You Failed Your DUI Field Sobriety Test: Does That Mean You Really Were DUI?

You Failed Your DUI Field Sobriety Test: Does That Mean You Really Were DUI?

What's the truth about your recent DUI arrest? Had you really consumed enough alcohol to be over California's legal limit of 0.08% BAC? Or were you on the line? Did you actually fail your roadside field sobriety tests because you're been under the influence, or did police unfairly or inaccurately measure your results?

The answers to these questions matter because they can mean the difference between GOING TO JAIL and preserving your freedom. They can mean the difference between losing YOUR LICENSE FOR A YEAR OR LONGER or keeping your license.

Here are some of the more common Field Sobriety Tests (FSTs):

  • Finger to nose test. With your eyes closed, you extend both your hands out to the sides and try to touch the tip of your nose with your fingers. This measures coordination.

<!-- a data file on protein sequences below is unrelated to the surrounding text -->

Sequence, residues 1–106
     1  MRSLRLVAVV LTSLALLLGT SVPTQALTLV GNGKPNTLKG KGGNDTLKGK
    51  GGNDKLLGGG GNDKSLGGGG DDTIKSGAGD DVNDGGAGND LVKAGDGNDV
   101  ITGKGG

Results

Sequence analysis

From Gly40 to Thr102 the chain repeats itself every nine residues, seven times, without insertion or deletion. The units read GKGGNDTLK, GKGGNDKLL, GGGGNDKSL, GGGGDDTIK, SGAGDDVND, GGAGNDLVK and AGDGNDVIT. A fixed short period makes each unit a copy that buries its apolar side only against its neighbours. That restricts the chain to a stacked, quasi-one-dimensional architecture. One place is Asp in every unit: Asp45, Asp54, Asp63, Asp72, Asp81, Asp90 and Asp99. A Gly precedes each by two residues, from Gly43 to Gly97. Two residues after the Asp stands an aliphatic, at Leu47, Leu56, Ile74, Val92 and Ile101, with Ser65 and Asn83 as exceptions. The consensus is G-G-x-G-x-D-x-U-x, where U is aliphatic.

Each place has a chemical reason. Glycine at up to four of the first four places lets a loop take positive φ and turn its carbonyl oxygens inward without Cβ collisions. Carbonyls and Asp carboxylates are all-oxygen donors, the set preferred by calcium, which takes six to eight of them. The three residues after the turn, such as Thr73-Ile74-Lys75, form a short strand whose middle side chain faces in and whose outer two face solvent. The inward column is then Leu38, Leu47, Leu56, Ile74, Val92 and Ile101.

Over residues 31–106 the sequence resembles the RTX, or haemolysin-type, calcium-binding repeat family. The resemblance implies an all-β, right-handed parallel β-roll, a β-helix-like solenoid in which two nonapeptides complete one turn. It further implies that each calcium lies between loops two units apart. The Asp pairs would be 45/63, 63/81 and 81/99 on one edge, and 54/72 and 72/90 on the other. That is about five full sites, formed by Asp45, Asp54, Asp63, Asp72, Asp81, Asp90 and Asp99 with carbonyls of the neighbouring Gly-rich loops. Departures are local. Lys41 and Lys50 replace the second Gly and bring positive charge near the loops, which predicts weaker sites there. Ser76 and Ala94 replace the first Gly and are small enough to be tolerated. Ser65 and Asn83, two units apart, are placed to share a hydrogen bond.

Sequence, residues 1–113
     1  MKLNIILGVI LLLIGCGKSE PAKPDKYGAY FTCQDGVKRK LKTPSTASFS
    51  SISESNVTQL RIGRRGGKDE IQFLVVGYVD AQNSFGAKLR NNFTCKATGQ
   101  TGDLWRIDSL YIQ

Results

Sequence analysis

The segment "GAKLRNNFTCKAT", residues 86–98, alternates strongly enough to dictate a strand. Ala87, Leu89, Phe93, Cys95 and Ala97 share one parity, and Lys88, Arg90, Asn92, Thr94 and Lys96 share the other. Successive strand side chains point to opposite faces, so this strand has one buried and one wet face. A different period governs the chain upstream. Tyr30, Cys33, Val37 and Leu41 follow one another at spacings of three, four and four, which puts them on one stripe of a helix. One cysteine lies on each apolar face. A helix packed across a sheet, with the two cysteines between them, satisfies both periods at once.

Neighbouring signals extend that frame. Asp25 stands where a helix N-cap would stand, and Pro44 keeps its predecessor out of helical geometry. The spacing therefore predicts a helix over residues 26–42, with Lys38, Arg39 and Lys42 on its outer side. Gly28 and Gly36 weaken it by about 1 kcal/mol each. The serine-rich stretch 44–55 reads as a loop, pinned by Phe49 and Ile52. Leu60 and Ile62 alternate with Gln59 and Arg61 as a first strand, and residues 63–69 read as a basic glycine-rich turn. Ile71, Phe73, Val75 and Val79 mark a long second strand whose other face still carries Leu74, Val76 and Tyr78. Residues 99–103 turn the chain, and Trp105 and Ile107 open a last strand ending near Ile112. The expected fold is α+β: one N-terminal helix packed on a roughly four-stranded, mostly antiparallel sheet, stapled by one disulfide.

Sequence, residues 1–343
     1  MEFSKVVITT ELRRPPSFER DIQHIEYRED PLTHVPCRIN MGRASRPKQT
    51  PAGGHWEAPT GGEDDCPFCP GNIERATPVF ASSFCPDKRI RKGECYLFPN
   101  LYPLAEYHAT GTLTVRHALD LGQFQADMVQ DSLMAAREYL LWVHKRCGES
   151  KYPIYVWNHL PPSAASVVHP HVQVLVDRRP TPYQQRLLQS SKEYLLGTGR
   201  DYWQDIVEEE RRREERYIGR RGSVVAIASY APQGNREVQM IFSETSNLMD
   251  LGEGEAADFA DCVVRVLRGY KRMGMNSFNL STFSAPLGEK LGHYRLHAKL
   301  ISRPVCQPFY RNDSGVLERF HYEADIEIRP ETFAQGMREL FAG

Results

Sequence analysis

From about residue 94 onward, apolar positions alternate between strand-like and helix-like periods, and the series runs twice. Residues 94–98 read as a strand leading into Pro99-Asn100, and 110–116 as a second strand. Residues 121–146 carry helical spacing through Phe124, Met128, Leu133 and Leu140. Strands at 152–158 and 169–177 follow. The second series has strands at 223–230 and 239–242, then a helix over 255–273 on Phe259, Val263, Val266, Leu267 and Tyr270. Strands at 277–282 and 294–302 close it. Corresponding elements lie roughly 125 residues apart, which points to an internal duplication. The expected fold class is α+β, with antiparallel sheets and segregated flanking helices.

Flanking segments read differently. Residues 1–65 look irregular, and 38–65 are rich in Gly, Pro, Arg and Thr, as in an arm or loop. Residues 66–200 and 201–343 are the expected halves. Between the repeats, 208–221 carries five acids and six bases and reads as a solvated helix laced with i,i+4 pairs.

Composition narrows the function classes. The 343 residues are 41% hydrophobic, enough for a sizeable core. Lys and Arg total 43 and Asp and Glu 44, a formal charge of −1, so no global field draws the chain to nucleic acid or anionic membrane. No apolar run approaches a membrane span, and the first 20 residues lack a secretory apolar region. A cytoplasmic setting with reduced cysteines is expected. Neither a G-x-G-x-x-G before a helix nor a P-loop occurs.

• Count backwards by 3s test. Start from the number 100 and count backwards by intervals of three to measure your mental acuity.
  • Walk the line test. In this test, you are supposed to walk on the white line on the side of the road, much like you would walk on a balance beam. This test measures your coordination.
  • Horizontal gaze nystagmus test. In this test, an officer flashes a light in your eyes to measure your pupil reaction time. Slower reaction times tend to correlate with drug or alcohol intoxication.

These FSTs and others sound scientific, but there are dozens of reasons why someone might fail FSTs that have NOTHING to do with DUI. For instance, you might have been sick, nervous, walking on a slippery or wet surface, or just confused about what the officer asked you to do because of the loud roadside noise. Alternatively, perhaps you completed the tests well, but the officers either didn't see that you did a good job or intentionally misrepresented what you did.

Whether the court accepts this evidence or not can determine your FUTURE. Protect your rights and fight back against unfair sentencing by calling California DUI attorney, Christopher Martens, and his team today to schedule a consultation.

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